A funny thing occurs when I work from home, as I do one or two days a week. My co-workers mostly don't even notice -- with the exception of those who sit near me and probably welcome the relief from the stream-of-consciousness dialogue I tend to have with my PC.
I usually get at least a couple of instant messages along the lines of "Are you here today?" from my compadres at the office. IM tends to be our primary channel of communication, whether or not I am on-site. Based on the rapid growth of IM in the enterprise, I am obviously not alone.
Thanks to our reliable VPN, sitting in front of my PC at home is pretty much like doing so at the office -- with the addition of a clingy Labrador retriever at my feet. It allows me to work flexible hours, putting in time before or after "standard" work hours so I can attend a play at my son's school, for example.
I consider this ability a major bonus. So do plenty of IT workers, judging from the results of a recent survey by online recruiter TheITJobBoard.com.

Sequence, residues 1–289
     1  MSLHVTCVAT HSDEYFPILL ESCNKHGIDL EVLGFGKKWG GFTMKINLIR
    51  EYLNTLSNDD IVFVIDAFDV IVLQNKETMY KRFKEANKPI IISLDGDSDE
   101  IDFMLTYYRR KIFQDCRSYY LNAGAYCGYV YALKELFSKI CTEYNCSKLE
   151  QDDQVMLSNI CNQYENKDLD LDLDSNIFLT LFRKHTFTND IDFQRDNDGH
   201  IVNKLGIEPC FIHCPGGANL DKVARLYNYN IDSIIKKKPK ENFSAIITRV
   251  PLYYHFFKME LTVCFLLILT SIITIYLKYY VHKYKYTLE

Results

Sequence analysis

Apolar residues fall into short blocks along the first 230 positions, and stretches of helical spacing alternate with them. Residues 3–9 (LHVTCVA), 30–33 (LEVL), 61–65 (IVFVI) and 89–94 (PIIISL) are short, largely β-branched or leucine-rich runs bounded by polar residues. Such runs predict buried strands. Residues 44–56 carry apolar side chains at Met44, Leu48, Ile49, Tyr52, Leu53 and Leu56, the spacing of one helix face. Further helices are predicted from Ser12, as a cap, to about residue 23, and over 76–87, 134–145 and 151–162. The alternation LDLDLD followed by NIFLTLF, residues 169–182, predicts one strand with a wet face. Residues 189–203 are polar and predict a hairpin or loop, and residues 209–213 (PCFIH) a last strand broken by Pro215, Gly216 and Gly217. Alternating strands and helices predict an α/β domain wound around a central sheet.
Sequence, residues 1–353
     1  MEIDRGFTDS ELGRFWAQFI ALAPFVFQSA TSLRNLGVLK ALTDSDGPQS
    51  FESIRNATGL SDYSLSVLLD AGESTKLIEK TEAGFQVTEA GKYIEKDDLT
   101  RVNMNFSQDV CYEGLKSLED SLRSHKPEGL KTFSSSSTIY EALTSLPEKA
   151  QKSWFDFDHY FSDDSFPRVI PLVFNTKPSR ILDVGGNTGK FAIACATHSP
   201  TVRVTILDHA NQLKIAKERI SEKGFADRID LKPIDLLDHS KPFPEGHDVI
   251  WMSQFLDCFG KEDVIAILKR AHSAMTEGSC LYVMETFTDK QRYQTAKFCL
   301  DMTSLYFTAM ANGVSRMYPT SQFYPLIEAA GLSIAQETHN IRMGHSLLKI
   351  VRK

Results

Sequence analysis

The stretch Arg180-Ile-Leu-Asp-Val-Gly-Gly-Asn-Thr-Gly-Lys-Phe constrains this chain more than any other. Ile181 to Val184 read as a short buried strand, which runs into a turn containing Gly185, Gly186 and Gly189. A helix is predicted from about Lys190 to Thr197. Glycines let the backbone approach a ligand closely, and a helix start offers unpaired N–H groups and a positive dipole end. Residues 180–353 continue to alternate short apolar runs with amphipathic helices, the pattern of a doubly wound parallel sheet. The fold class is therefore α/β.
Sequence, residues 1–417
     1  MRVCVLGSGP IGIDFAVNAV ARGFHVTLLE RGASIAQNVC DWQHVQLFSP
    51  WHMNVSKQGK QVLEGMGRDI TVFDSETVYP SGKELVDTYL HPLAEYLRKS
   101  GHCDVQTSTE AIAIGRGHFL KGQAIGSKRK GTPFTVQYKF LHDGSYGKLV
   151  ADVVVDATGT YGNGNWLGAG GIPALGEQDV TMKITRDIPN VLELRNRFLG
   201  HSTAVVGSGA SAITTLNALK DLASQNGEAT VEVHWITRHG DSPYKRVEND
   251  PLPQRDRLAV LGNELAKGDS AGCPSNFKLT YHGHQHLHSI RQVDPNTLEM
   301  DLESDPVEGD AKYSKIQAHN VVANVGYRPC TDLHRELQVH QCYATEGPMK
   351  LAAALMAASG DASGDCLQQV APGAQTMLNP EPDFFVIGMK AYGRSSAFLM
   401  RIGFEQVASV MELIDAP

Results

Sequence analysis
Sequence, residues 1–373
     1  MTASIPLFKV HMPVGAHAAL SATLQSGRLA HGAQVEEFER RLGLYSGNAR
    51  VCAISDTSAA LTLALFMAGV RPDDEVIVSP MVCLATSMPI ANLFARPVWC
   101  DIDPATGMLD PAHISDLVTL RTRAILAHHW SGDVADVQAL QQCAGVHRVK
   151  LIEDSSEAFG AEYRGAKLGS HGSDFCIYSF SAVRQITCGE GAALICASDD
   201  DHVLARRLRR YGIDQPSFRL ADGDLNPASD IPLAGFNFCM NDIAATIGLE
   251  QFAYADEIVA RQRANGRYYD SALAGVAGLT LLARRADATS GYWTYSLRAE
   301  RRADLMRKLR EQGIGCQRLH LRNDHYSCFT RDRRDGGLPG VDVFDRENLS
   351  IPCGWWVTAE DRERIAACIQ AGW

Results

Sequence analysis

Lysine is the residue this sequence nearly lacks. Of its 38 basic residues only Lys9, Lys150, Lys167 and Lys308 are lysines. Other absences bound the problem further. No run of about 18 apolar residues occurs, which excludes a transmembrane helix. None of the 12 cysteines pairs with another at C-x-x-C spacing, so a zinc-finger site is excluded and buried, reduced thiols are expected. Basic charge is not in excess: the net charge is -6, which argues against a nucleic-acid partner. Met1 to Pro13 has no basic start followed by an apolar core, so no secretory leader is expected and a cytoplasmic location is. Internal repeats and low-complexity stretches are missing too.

As reported on silicon.com, half of respondents said flexible work would improve their work/life balance, while one in eight reported it would make them more productive. Twenty-five percent of them said they had turned down a job offer because it lacked a flexible work option.
Forty-six percent of respondents said their current employer allows them to work flexible hours. Of the remaining 54 percent, however, 72 percent said they had never been offered the choice -- even though their job would be appropriate for flexible work. Nearly half of them felt their employers would not consider a request for flexible schedules.
I wonder if this isn't a case of folks making assumptions about their employers. Perhaps making a convincing case for flexible work would be a good opportunity for geeks to show that they have some of those communications skills that employers say are increasingly important.
Can't hurt to ask, right? Ten percent of TheITJobBoard.com survey respondents said it would, by getting them branded as a troublemaker.
You'd think that more employers would be open to the idea, considering the IT talent shortage that some observers say could create a crisis of Y2K-like proportions.